Furthermore, the Judge also decided that Stratus should have provided a quotation for full PI cover each year, regardless of whether GSL had previously indicated its preference for limited coverage.

The Judge accepted evidence that a broker's standard procedure at renewal should include:

1. Discussion with the client as to any changes in their business.

2. Reinforcing each year that it was advisable to take full PI cover.

3. A covering letter sent to the client referring the client specifically to any limitations on the PI cover that it was
taking out.

Again, the Judge held that Stratus had breached the relevant standard of care.

Stratus failed to specifically raise the limited nature of the PI cover, or to recommend full PI cover be taken out over a period of four years (including 2008 which was the renewal relevant to the events giving rise to the claim).

This amounted to negligence on the part of Stratus, notwithstanding the fact that GSL had each year received documentation regarding the PI policy that noted the limited nature of the cover.


Was the claim covered under the policy?

The Court then asked itself-had PI cover been correctly organised, would the claim have been covered?

The Judge decided it would not have been and GSL had no legal liability to the Retirement Commission concerning the failed "My Way" campaign.

The Court commented that the purpose of a professional indemnity insurance policy was to provide protection for loss caused to a third party. In this case, there was no loss suffered by a third party; merely a claim by GSL to recover its wasted time and costs for inadequate work which its client did not have to pay for. Thus GSL had no valid claim, even if a full PI policy had been taken out. GSL's claim against Stratus therefore failed.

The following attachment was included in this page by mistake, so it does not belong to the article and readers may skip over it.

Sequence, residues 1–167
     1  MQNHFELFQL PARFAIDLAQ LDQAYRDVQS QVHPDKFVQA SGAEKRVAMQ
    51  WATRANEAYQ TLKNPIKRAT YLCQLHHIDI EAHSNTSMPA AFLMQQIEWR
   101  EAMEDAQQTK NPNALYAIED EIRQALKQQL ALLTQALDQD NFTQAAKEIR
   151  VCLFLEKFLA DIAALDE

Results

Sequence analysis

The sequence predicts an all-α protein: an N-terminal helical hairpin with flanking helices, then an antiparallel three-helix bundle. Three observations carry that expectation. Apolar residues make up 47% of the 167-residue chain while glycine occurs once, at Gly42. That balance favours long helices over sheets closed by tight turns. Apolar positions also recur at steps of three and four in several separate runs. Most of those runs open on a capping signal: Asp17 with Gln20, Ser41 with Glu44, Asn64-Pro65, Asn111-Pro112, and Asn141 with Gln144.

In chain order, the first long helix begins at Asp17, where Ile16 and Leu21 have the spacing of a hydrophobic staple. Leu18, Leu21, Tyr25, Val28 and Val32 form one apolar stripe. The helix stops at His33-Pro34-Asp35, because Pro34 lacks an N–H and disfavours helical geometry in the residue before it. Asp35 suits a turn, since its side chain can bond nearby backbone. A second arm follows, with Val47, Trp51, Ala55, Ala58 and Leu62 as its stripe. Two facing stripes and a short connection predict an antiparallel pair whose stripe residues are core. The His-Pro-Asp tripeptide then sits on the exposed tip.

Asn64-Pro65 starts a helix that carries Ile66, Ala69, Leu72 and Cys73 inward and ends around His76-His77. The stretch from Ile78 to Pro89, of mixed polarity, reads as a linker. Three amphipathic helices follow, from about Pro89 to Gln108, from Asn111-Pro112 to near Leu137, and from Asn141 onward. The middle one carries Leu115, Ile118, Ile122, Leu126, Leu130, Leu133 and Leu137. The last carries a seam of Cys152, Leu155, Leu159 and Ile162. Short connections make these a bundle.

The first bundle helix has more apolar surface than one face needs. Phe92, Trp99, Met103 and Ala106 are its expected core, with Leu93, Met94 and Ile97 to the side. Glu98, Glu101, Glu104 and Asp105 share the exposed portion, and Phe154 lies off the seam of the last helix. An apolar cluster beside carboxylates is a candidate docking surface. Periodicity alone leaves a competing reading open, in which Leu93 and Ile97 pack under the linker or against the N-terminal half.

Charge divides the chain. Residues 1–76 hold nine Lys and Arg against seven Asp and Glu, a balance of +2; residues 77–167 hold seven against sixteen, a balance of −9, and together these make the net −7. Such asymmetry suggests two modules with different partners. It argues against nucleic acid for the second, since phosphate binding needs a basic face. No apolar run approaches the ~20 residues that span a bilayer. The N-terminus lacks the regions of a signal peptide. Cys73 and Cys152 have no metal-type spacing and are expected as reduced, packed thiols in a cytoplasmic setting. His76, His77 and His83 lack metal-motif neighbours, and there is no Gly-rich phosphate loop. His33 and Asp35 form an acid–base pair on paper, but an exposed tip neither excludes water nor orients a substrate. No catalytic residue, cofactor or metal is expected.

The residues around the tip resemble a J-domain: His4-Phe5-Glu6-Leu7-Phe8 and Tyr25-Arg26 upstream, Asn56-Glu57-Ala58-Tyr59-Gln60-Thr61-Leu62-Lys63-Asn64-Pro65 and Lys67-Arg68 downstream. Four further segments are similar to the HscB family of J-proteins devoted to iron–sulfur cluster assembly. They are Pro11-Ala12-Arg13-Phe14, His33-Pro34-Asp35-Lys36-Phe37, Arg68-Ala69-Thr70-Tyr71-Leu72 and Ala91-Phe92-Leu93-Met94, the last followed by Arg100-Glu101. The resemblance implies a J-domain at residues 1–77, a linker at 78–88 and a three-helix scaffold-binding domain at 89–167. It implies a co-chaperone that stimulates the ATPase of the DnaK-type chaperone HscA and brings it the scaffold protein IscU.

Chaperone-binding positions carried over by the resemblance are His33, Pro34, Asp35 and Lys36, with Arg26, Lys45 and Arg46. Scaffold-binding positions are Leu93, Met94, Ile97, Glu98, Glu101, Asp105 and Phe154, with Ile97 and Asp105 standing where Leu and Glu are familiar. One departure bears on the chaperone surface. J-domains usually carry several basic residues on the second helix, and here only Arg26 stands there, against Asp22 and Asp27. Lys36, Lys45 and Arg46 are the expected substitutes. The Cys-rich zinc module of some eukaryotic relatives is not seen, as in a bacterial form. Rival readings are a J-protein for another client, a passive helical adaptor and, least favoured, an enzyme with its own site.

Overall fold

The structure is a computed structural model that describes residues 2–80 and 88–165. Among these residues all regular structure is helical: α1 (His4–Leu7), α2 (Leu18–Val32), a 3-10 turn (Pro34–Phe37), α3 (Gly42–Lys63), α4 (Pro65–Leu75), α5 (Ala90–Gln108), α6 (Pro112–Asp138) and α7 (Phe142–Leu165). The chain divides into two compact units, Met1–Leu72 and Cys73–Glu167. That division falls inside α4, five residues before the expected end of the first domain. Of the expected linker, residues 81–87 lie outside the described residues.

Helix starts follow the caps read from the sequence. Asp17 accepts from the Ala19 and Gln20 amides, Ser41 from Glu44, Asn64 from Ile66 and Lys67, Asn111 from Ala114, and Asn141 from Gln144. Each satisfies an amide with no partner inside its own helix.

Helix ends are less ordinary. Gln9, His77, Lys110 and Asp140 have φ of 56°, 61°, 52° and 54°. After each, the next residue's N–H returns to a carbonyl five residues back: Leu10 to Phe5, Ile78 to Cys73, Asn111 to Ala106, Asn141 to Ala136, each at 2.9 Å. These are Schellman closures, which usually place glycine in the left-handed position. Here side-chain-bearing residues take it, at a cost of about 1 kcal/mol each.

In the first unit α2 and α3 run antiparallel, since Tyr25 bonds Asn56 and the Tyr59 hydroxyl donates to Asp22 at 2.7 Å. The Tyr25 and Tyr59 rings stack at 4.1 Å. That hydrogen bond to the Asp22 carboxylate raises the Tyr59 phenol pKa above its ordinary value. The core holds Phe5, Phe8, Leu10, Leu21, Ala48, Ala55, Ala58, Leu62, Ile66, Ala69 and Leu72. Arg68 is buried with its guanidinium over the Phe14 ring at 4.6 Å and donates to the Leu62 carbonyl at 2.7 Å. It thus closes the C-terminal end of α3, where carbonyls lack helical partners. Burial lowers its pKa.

General Observations-Brokers Beware!

Whilst the case related to a professional indemnity policy, the Judge's findings concern all types of insurance policies and the duties imposed on an insurance broker.

A number of interesting issues arose in the case. One was the fact that sending policy documentation which noted the specific limitations of the PI cover taken out, was not deemed adequate to advise GSL of the limited nature of the PI cover that they had.

This will understandably be of concern to insurance brokers.

Second, brokers need be very cautious when responding to semi-casual email or telephone enquiries from their clients. If the enquiry concerns a policy that contains an unusual "limitation" then the broker should point out that limitation when responding.

Thirdly, some brokers may be concerned that they apparently need meet with their client each year to discuss any changes in their business. Sending standard form documentation advising a client of all types of insurance cover available will not suffice, according to this decision.

Fourthly, the Judge's comment that a covering letter should point out any specific limitations on a policy should be of concern. The problem for brokers is working out what "limitations" need to be pointed out, and what do not.

In our view, the case is a salutary reminder that brokers get paid to arrange the best possible insurance for clients after ascertaining their insurance needs.

Anything less will not be tolerated by the Courts.

Craig Langstone is a partner at legal firm Jones Fee in Auckland.

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Comments from our readers

On 29 September 2010 at 8:50 am John Ashby said:
this is a brilliant article. Well written, very informative and oh so timely. Thank you.
Commenting is closed